(Bloomberg) -- Australian Treasurer Jim Chalmers isn’t ruling out the economy contracted in the final three months of 2023, warning its performance was probably quite weak due to elevated inflation and interest-rate increases.

Speaking to Australian Broadcasting Corp. radio on Thursday, Chalmers didn’t exclude that gross domestic product dropped last quarter, saying “it remains to be seen” in response to a direct question. GDP data will be released on Wednesday and a decline would be the first since the third quarter of 2021.

Earlier, in an address to the Group of 20 Finance Ministers’ meeting in Sao Paulo, Brazil, the treasurer told his global counterparts that a soft landing at home and abroad was “assumed but not assured” and highlighted the risks.

“We expect growth in next week’s December National Accounts to be quite weak – the inevitable consequence of global uncertainty, higher interest rates, and cost of living pressures,” Chalmers said.

Economists predict GDP rose 0.2% in the fourth quarter, unchanged from the prior three months. The Reserve Bank of Australia raised its cash rate by a quarter percentage point to a 12-year high of 4.35% in November.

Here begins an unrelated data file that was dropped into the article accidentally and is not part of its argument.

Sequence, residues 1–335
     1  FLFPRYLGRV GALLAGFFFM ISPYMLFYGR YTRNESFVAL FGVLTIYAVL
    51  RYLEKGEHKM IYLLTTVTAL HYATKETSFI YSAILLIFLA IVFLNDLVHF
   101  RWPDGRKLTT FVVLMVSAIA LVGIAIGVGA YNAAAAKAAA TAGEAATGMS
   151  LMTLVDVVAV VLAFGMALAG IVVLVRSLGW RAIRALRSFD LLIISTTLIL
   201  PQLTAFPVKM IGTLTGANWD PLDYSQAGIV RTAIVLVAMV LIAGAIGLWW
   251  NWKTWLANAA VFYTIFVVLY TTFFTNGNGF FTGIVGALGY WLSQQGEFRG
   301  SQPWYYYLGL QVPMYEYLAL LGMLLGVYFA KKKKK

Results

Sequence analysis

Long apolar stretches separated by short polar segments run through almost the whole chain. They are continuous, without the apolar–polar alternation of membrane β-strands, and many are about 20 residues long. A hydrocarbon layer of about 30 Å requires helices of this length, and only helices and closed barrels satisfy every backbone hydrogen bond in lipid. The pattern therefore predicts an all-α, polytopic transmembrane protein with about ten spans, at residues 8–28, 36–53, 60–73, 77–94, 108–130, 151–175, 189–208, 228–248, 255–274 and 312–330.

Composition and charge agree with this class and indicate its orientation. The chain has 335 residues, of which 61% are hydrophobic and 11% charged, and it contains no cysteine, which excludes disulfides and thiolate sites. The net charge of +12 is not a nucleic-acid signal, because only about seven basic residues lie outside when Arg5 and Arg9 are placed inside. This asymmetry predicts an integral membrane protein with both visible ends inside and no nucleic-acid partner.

A weak result would be in line with RBA expectations as it tries to cool demand to restrain consumer price gains. Monthly inflation data released Wednesday held at 3.4%, down from a peak of 8.4% in December 2022, suggesting rate hikes are gaining traction.

Responding to the ABC’s question on whether the economy may have contracted in the fourth quarter, Chalmers said next week’s data will tell the story. 

“I’ve tried to be up front with your listeners but also in these engagements here and at home to say that we understand that the inevitable consequence of higher interest rates and system inflation and global uncertainty means that we are expecting quite weak growth in our economy.”

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